US President-elect Joe Biden
US President-elect Joe Biden Image Credit: Reuters

If you’re an angler, the clear and wide waters of the River Moy are a dream. Right now, the salmon are running upstream from the Atlantic Ocean, being driven from a deeply ingrained desire to return to the coast of Mayo in northwest Ireland, find the River Moy’s mouth at Killala Bay, and swim upstream through Ballina to spawn and begin a new life cycle.

The land in the Mayo hills is harsh and it has been too hard for too many to make a living in bad times or good. The Blewitts left here three generations ago. But like the salmon in the river that keep coming back, so too do their descendants. The Bidens sit very comfortably with their cousins in Ballina, visit regularly, and the good folk of the town of 10,000 are already planning to rename a square there after the 46th President.

They expect a visit too when Biden comes to this side of the Atlantic. That visit too will likely include a raft of European capitals. Brussels, the home of the European Union and the headquarters of the North Atlantic Treaty Organisation will very likely be on the list. Berlin and Paris too — both German Chancellor Angela Merkel and French President Emmanuel Macron were on the receiving end of less-than-diplomatic blunt Trump barbs these past years. With Biden’s success, Berlin, Paris and Brussels can reset the button on Nato. His victory is welcome news indeed.

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But what of the United Kingdom and Prime Minister Boris Johnson? And what of that much-vaunted “special relationship” between America and Britain that days back to Roosevelt and Churchill, Reagan and Thatcher, the junior Bush and Blair.

Don’t get me wrong — Air Force One will be touching down in the UK on that circuit of Ballina and European capitals — but Biden is no fan of the Brexit project. For four decades working on the floor of the US Senate, the member from Delaware soaked up foreign policy, was an avowed globalist, savoured the strength of Nato, admired the peace and stability brought by the European Union to a continent that was twice destroyed by war of unfathomable scales.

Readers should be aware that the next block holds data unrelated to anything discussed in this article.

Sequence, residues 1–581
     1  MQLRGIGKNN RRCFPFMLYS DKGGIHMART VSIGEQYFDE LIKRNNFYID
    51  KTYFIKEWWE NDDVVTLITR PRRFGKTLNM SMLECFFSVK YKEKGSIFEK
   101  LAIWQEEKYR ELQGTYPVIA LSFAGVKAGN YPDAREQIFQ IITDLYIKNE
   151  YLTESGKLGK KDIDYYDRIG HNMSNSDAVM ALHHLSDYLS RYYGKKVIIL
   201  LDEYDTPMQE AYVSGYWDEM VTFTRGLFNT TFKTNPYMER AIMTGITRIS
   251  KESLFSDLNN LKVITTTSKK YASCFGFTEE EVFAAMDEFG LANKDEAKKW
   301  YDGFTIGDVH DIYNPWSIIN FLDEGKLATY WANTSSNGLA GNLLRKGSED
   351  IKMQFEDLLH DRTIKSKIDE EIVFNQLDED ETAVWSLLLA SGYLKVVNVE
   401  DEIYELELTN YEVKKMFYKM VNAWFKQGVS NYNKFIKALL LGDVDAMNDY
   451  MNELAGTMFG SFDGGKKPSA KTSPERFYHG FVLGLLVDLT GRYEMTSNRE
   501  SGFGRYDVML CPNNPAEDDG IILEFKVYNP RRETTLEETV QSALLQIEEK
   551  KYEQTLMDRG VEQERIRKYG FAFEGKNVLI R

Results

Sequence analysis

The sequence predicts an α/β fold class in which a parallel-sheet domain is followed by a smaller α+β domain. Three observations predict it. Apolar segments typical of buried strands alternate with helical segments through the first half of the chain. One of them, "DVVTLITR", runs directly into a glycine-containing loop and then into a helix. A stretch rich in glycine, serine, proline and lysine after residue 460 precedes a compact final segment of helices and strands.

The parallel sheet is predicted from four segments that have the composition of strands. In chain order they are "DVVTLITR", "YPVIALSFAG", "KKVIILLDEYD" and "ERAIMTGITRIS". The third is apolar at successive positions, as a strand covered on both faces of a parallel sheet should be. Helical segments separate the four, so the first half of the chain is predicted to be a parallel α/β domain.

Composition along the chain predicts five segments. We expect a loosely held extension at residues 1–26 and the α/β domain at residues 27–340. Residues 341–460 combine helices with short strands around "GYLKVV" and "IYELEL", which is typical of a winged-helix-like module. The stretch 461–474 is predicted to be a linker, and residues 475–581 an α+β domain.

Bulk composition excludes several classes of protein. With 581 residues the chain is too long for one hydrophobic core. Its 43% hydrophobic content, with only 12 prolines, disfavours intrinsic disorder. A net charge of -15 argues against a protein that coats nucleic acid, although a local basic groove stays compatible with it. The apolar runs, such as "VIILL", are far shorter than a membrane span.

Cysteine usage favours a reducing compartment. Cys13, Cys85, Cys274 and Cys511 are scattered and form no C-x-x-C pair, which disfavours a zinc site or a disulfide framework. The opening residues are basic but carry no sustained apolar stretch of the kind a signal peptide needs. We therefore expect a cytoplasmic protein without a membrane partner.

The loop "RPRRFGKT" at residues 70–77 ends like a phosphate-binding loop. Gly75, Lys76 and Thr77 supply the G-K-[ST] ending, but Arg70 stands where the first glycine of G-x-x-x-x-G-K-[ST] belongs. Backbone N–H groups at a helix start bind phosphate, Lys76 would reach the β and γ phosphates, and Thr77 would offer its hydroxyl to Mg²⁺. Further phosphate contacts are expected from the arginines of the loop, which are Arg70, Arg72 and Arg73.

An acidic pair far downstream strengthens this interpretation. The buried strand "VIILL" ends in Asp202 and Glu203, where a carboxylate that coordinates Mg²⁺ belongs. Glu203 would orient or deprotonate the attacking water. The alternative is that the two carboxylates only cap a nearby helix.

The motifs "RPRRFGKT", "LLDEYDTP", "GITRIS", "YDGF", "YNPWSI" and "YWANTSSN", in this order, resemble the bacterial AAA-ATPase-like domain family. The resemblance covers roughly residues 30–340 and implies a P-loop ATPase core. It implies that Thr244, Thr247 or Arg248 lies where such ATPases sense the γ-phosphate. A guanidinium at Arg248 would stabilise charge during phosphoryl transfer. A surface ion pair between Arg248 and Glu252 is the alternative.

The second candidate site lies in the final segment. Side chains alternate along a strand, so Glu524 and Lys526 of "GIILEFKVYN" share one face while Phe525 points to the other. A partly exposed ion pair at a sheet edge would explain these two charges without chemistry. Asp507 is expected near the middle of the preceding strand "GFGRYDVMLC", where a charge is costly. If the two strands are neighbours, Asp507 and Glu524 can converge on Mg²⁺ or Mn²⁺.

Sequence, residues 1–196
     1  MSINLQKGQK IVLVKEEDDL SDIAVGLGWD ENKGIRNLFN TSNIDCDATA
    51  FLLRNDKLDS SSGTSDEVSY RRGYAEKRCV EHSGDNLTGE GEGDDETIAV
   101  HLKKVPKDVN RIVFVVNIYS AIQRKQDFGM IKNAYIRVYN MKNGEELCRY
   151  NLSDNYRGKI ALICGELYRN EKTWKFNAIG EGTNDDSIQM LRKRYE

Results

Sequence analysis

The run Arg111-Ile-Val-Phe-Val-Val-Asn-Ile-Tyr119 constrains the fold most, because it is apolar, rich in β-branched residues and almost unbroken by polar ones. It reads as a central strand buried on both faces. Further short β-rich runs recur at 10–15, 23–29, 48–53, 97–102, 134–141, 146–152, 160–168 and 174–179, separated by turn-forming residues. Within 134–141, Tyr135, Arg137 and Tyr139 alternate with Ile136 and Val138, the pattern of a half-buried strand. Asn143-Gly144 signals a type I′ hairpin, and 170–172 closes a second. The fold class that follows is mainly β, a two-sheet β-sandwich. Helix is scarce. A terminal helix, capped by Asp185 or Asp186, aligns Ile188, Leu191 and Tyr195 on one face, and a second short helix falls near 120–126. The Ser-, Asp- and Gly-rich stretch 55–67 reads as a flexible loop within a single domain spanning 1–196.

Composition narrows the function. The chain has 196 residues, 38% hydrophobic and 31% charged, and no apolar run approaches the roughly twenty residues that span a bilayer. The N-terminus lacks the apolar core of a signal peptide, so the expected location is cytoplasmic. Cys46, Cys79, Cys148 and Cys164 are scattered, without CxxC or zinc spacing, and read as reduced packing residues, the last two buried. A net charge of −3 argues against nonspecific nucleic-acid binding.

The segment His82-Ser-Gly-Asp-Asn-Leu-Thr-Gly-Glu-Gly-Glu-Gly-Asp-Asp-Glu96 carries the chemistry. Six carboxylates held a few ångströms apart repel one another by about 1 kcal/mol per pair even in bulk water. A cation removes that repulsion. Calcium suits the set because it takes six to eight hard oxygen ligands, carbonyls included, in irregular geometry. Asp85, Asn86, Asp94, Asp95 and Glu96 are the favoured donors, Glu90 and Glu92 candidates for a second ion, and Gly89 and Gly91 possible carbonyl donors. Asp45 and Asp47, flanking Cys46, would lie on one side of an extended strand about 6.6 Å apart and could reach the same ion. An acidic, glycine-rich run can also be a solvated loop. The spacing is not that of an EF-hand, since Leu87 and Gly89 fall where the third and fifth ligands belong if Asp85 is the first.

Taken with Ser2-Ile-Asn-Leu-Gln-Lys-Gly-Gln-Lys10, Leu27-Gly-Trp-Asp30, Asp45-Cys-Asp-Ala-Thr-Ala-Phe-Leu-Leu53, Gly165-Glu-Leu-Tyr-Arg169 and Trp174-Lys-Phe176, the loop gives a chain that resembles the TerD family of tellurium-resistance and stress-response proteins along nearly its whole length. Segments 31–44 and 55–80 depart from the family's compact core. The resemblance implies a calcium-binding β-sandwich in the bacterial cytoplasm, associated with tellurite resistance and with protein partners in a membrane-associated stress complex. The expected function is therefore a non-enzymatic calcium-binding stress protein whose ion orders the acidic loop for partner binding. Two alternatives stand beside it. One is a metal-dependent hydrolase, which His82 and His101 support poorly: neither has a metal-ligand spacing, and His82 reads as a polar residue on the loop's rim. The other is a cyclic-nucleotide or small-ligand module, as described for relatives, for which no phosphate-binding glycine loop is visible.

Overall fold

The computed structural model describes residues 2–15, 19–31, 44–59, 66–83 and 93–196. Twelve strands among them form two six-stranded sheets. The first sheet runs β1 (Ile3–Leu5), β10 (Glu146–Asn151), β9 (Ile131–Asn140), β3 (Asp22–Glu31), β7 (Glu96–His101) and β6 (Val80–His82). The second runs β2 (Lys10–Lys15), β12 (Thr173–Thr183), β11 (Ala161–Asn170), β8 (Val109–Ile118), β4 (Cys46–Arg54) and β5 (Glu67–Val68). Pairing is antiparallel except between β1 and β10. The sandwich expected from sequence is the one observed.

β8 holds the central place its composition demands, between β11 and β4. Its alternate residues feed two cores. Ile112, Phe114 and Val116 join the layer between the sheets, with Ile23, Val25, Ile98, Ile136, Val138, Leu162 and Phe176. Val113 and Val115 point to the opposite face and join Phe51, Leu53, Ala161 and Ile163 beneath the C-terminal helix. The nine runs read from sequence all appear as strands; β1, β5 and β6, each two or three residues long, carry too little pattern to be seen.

In September, he warned Johnson’s government that it must do nothing to undermine the peace and stability on the island of Ireland, must treat the Good Friday Agreement that ended three decades of political and sectarian strife on the island as sacrosanct, and must abide by the rule of international law.

And Brexit — either in its deal or no-deal format — threatens those.

Overriding EU Withdrawal Agreement

On Monday night in London, while President-Elect Biden was working on his transition plans to restore his nation’s standing, the members of the House of Lords were voting on Johnson’s plans to break international law by allowing his ministers to override the EU Withdrawal Agreement.

That’s the plan Johnson himself negotiated, campaigned on and won his majority on. Now, less than a year after that deal was reached, Johnson has said it is intrinsically flawed by putting a customs line down the Irish Sea between the islands of Britain and Ireland. That was the only way forward to avoid that return of a hard border between Northern Ireland and the Republic of Ireland to the south.

The initial bill passed the House of Commons in September but 30 of Johnson’s MPs abstained and two voted against. On Monday night in the House of Lords, Johnson was handed a resounding defeat, with peers voting 433 to 165 to reject the Internal Market Bill. It now goes back to the Commons with the controversial clauses removed. But Johnson says the clauses allowing ministers to break international law will be reinserted, and MPs will vote again.

This is where coronavirus comes into play. Since the pandemic began, there is a growing sense of unease in the Conservative party at Johnson’s handling of the crisis. There have been some 15 major U-turns of policy reversals from his government, there is a sense of drift, a feeling that it ought to be doing things differently. Communicating better.

Second national lockdown 

Last week, when the Johnson government put its plans for a second national lockdown to parliament, there were Conservative abstentions and 34 of the party’s MPs voted against the measure.

So what happens if and when Johnson presses ahead with his plans to override international law, permitting his ministers to break it — a most un-British and un-Conservative position? All five of the living former Prime ministers have rounded on it. How many Conservative MPs will vote against the measure? Is it a loss of political capital that Johnson would be prepared to risk?

As things stand now, there are about three weeks left when negotiators can hammer out the terms of the future relationship between London and Brussels. A no-deal Brexit is looming — or at least a Brexit with a deal that’s very light on details and could fit on a foolscap sheet of paper: Flimsy and lacking substance — which might indeed be watchwords for the Johnson government itself.

The good folks of Brussels are waiting to see how this pans out. So too to good folks of Ballina. Those anglers on the River Moy know how to play with rod and reel, when to strike, and when to cast a catch aside.

Mick O’Reilly is the Gulf News Foreign Correspondent based in Europe